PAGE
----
It was nearing 7:00 PM and we had just climbed a long classic route in the Wind River Range in Wyoming. I was ecstatic having led the whole route and overcoming a difficult alternate pitch midway. My partner was high on endorphins for just completing the longest multi-pitch route of her life. The climb had it all: flaring cracks, route ambiguity, thin face climbing, a lightning and hailstorm, swarms of mosquitos near the base (where we started in snow), high winds, heat, cold, and time constraints. We simul-climbed the final relatively easy pitches to expedite our way to the summit as the early alpine-start approach of post-holing through snow in the dark took longer than expected and the hail storm locked us into an overhang for nearly an hour.
Part of my prep work for this route was not letting my partner know that there was an exit ramp halfway up the route and to forego telling her that many teams do this route in two days – taking that exit ramp to a good bivvy ledge and returning the next morning. “Not us,” I thought. Light and fast was the agenda. My agenda. Under normal circumstances, this is no way to lead a less-experienced partner into a big, consequential alpine climb. However, I feel like I have a pass on this one as she also happened to be (and still is) my wife, and I knew her well enough to feel confident in her fortitude and grit when the need arose. She had been to 21,000 feet with me on a technical peak in the Andes. She had skied technical backcountry cliffs and trees with me most of our life together. She had kayaked with me down technical class IV canyons. Our first date was an impromptu ascent of a semi-technical snow chute on the Olympic Peninsula while my arm was in a sling shortly after a major surgery. She has always been more than capable of overcoming challenges. More importantly, she knows who she married.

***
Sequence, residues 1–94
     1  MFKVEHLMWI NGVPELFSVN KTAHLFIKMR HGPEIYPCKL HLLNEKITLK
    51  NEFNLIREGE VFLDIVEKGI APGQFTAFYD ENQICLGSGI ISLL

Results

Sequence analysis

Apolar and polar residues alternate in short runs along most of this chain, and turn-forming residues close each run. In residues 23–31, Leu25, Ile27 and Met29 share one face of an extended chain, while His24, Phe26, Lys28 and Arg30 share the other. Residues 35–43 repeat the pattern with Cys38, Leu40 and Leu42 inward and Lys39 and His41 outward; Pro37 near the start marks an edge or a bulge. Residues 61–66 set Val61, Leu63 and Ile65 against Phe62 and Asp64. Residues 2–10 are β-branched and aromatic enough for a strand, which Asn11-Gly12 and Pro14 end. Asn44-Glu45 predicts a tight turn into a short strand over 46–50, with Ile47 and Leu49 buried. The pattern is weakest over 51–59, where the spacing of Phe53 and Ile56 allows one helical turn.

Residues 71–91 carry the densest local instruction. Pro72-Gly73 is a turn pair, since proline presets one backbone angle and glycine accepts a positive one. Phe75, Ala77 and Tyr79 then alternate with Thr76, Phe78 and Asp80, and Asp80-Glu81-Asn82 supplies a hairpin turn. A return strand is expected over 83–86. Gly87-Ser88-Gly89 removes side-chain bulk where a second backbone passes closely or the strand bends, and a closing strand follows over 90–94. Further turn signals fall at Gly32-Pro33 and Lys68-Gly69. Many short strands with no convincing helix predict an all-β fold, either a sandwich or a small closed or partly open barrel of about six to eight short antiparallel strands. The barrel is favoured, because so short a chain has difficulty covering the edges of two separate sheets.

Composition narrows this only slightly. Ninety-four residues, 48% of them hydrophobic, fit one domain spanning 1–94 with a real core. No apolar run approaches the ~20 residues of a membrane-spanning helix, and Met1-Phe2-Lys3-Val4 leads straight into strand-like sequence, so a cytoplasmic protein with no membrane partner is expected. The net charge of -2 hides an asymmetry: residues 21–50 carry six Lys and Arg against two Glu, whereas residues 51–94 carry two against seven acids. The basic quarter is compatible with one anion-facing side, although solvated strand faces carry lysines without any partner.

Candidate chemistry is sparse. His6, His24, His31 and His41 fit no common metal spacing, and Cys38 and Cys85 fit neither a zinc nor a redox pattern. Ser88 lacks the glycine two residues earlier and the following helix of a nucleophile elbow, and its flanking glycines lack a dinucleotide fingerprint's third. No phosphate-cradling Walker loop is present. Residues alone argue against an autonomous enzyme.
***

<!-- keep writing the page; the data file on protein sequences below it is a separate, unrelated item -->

As the great mountaineer, Ed Viesturs once said, “The summit is just a halfway point.” So atop this supposedly-magical summit, we searched for the appropriate gulley to start the multipitch rappel descent without much more than 100 feet of visibility from the enveloping clouds. Having digital and printed copies of the route and descent, having read and re-read the descriptions and trip reports online, and having talked with some teams that had just come off the summit the day before, I felt like I was prepared for finding my way down. The hard part was finding the start.